On Monday morning, we woke to a welcomed sight. The SUN! We snapped into action and attempted to fit four days worth of work into one. We set to milking and then moved the goats to the back yard, where they cheerfully spent the day grazing in the brush or napping in the sun. While I processed and recorded the milk and then fed the piggies, Jasmine, and the chickens in the main coop yard and tractors, Sean filled all the water buckets and then, fiddled with the riding mower in an effort to coax it back to life after its winter rest. Within minutes, the rider roared to a start and I was able to mow for the first time. Mowing is one of my favorite chores. There is almost nothing I like better (work wise) than to stick in my ear buds and spend a couple hours riding in circles, creating neat piles of grass clippings to rake up. I set to work immediately.

We have been wanting and NEEDING to move the big geese from the duck yard. Ever since Caitlin ruined a perfectly good nest, her days were numbered. Sean took a couple hours to sink 9-10 metal posts around the edge of where the lower part of the front lawn was holding over a foot of water. He engineered it so that the geese have a place to settle in the grass and also a place to paddle about. We still plan to have a proper pond dug for them at some point in the future, but in light of all the rain, it was a good time to move them.

That project complete, it was time to move on to adding more soil to our garden beds and to begin to transplant tomatoes, peppers, cucumbers, and watermelon into them. It feels so good to see the garden we planned on paper come to life with the plants we grew from seeds. I can only imagine how it will feel when they are all producing. To prepare the area where the raised beds will live, we staked a 30 foot square blue utility tarp on the ground. Then, we screwed the 2x6's in place. Sean cut out the tarp from the inside area of the beds. I laid a good layer of newspaper to cover the ground and we covered it with good garden soil. In some of the beds, we used cardboard instead of newspaper. Both will decay nicely in time and serve the purpose of being a great weed barrier now.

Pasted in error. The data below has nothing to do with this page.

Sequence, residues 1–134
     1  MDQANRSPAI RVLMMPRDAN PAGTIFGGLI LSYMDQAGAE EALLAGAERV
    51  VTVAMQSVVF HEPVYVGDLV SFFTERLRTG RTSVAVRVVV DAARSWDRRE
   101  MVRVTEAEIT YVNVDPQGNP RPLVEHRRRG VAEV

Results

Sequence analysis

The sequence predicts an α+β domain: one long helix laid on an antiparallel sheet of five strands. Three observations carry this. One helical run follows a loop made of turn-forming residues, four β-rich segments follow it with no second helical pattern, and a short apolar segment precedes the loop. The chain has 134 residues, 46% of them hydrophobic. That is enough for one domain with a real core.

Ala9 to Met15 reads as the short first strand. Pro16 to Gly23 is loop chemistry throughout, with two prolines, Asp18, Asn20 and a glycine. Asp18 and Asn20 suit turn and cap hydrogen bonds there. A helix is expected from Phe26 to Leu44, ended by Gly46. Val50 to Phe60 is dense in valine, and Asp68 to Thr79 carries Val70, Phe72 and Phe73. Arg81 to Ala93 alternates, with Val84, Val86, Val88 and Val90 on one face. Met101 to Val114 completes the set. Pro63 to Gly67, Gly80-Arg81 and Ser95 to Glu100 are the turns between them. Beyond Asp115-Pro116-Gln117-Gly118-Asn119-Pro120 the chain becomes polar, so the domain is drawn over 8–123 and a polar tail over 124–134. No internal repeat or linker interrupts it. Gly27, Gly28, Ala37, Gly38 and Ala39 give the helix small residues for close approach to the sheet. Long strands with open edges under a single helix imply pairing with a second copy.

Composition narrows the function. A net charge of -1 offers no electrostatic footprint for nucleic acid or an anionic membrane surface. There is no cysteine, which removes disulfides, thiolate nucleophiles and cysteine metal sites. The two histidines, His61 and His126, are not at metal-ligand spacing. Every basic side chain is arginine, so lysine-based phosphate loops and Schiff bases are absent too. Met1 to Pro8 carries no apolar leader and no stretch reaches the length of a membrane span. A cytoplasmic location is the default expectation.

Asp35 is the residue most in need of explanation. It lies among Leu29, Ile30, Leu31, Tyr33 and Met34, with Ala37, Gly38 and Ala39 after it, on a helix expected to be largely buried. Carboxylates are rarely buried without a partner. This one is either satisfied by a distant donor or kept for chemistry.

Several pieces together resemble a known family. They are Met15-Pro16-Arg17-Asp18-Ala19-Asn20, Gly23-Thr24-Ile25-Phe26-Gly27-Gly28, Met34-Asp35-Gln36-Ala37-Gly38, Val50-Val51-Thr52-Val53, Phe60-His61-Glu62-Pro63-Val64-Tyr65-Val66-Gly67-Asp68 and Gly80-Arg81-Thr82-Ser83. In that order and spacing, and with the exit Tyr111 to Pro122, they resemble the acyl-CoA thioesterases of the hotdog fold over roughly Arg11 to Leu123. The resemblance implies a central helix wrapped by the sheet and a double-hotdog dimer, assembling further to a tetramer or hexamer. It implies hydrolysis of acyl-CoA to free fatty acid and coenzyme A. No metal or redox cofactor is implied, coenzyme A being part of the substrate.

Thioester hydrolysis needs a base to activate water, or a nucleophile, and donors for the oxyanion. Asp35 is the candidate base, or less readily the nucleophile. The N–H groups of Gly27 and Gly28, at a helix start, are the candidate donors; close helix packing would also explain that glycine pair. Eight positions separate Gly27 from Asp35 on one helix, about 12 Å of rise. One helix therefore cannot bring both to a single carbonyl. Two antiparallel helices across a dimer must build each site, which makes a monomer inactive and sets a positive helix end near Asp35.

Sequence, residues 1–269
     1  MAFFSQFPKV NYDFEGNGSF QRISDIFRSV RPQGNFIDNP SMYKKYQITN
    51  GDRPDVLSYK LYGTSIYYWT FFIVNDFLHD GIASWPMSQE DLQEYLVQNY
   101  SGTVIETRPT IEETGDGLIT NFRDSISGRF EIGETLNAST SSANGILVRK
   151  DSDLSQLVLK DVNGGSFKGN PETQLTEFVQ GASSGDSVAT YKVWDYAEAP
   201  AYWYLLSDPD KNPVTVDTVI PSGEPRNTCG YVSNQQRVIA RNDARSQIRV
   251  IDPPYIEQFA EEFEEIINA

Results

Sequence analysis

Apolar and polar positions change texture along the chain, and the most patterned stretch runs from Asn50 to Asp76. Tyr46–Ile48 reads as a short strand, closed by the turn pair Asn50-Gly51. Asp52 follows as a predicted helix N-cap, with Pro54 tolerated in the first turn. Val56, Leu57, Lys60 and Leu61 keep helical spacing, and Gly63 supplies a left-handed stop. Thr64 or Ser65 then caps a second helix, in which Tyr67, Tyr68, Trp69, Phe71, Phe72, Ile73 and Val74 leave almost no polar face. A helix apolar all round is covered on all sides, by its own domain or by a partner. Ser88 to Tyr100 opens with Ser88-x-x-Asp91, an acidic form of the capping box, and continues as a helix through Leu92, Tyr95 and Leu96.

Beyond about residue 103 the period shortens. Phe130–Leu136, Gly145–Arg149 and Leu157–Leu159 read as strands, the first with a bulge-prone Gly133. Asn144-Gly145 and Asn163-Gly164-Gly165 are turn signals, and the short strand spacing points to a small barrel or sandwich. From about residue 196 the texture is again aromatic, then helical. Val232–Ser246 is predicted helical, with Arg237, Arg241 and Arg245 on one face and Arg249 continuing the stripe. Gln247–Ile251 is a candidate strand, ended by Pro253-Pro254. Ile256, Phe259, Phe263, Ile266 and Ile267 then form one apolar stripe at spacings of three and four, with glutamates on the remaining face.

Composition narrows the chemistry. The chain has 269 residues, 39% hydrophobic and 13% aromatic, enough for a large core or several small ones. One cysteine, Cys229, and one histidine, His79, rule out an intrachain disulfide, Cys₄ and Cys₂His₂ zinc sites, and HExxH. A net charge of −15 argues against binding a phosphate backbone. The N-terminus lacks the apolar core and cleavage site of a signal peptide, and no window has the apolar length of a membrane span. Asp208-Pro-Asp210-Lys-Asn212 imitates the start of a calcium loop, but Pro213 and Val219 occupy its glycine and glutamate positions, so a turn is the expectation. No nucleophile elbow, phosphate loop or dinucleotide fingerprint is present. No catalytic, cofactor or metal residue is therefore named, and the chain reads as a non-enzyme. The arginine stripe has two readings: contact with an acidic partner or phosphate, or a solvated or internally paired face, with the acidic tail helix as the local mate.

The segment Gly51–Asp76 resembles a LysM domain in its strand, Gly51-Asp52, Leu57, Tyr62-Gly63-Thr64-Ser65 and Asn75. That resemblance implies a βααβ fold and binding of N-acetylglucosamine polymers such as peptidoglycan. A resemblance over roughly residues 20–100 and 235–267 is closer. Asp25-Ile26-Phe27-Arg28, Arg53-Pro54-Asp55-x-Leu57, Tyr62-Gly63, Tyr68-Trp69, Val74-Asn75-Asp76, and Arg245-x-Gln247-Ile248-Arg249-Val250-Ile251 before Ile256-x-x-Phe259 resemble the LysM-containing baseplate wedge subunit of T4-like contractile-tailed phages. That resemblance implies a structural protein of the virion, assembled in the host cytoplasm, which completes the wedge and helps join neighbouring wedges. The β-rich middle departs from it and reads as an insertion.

We took the baby geese and our lone duckling to the front "pond" to splash about, too. They took to it like, well, ducks to water. At this age, they have to be watched carefully since the oils that will allow them to be buoyant and float as adults have not been distributed properly, yet. We watched them play, catch and eat little water bugs and instinctively preen themselves.

It took me all week to find the time to sit and catch you all up with what is happening around here. I am hoping to write more frequently, but I fear that finding the time to do so, will be hard. I am taking lots of pictures so that when I can sit for a bit, I'll have them ready. Please, bear with us as summer gears up and we get used to our schedule change.

We appreciate your taking the time to visit with us tonight. We're sure glad you're here.
Sean & Sonja ♥


  1. Glad you got some special time with your love man! So good to see the critters!

  2. Ask Sean if he remembers Grandpa Terry moving a giant snapping turtle from his backyard down to the lake by allowing it to snap onto the handle of a shovel and toting it all the way with it dangling off the handle with its own "snapper." I think Sean used a more turtle-friendly method. Watch out for those fingers!